As a product manager, you probably have no subordinates — but it is critical that you have leadership skills.
Because you simply cannot do everything that is necessary for your product to be successful. Throughout the product lifecycle, you rely on active participation from many internal stakeholders in various roles.
But how can you as a product manager get everything you need from all stakeholders without formal power?
The most effective way to get help is to share it generously.
Give help —> Receive help.
When you help your stakeholders achieve their goals, you will receive favors in return. So whenever possible, take the chance to use your own competencies and knowledge to make work easier for your most important stakeholders.
You can help your internal customers achieve their goals by applying the same techniques and models you do for the end customers. Treat internal customers like partners and view their needs from their perspective. Then it will be easier to find shared interests and common goals.
So, as a product manager, stop and think about each stakeholder.
- What is their goal and what are they trying to achieve?
- What product manager’s knowledge/skill will help them achieve their goals?
In the below section, I have listed the most common needs a product manager’s stakeholders face, and where your competence can help them achieve their goals.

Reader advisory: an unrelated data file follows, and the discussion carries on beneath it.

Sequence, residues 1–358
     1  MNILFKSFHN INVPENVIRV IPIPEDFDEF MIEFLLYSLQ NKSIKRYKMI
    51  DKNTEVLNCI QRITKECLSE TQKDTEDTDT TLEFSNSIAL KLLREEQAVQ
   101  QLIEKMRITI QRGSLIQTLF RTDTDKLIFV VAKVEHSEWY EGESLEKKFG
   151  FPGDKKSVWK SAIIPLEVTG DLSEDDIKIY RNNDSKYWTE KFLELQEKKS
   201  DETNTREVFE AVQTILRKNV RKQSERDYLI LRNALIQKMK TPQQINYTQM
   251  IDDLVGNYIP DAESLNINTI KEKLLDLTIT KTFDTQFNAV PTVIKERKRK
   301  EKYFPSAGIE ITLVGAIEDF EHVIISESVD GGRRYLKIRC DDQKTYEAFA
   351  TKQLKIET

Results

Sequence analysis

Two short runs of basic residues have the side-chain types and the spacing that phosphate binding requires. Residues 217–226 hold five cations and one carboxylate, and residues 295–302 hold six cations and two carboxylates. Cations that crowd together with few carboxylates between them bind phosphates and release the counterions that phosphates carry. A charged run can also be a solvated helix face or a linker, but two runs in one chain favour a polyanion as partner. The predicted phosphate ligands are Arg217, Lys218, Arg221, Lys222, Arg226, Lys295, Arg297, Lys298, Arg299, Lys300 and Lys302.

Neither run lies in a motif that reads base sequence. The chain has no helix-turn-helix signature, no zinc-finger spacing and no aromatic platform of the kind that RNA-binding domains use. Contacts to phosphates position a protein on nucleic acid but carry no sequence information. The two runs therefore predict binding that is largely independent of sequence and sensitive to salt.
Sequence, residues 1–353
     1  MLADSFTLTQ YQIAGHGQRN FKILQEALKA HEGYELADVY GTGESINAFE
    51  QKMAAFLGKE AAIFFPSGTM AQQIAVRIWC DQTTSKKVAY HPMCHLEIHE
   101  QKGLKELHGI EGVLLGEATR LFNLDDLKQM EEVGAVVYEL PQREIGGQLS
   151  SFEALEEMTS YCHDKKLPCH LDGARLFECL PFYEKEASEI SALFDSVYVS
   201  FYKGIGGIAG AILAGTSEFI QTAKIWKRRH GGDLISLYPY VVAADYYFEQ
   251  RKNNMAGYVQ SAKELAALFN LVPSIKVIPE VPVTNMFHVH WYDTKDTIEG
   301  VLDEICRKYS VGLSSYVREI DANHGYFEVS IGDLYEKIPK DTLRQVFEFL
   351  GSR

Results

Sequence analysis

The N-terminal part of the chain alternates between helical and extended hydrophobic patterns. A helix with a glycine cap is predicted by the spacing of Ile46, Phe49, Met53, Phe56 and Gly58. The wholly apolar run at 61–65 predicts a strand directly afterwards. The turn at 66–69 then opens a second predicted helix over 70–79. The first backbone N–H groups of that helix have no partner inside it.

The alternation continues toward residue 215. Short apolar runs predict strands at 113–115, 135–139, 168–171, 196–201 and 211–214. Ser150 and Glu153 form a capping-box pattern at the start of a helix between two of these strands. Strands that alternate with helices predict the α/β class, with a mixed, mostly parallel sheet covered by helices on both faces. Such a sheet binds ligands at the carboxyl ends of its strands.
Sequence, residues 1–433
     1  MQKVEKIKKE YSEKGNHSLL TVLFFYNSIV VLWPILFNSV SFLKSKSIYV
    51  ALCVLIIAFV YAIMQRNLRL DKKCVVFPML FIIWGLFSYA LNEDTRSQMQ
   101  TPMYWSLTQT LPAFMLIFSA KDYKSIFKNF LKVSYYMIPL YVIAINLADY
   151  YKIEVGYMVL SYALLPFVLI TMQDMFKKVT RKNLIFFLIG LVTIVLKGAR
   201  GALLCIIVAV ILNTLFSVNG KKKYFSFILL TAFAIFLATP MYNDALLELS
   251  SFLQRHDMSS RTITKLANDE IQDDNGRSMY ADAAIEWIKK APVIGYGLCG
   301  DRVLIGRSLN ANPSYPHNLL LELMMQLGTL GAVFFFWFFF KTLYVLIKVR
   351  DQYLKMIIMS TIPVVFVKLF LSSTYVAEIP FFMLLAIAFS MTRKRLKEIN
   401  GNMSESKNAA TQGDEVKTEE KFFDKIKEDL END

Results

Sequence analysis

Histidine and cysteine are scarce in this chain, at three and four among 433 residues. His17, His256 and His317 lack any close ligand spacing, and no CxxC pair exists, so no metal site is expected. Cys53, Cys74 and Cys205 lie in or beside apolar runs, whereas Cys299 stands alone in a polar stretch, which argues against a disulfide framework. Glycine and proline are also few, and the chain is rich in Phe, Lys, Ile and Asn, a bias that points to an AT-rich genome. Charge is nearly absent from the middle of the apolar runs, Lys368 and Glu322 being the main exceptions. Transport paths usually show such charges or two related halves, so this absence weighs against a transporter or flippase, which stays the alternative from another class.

Your important stakeholders can be found in company (or product line) management, product development, sales, marketing, customer support, and production.
1. Your company’s technology manager
This is typically the Chief Technology Officer. As a product manager, you can help the CTO achieve his goals in the following ways.
- Develop a clear, actionable product strategy that helps the CTO forward within the tech strategy.
- Keep the sales team disciplined by not agreeing to technical choices requested directly by the customers.
- Communicate frequently with the CTO so that there is a common understanding of the expected product life cycles.
- When speaking with customers, transfer what you learn from those conversations into direct benefits and value to the customers. Spare your customers from too much technical detail. Assure them that your product solves their problems without their direct involvement or input.
2. The person in charge of marketing
This is typically the Chief Marketing Officer. As a product manager, you can help the CMO by doing the following.
- Clearly state your products’ value propositions.
- Define the key customer segments, who the target customers are, and how these prefer to buy.
- Together with the sales and marketing team, create buyer personas to represent the typical buyers within the most important customer segments.
- Help marketing to focus their content marketing on things that interest the customer. The customers are interested in getting their own work done and are not interested in the internal affairs of your company.
- Be an ambassador of your brand in all outbound product activities.
3. The person in charge of a company or product line
This is often the Chief Executive officer. As a product manager, help your CEO with their goals in the following ways.
- Manage (take care of) products according to their needs at each stage of their life cycles, ensuring your company gets maximum value from them.
- Share information with the CEO about the product and market performance.
- Prepare clear business cases for new projects, based on real data. And if there is no data, clearly present the biggest uncertainties and risks. This enables the CEO to make faster decisions.
- Break down silos in your organization. Act as a hub for cooperation between sales, marketing, product development, and production.
4. The person in charge of sales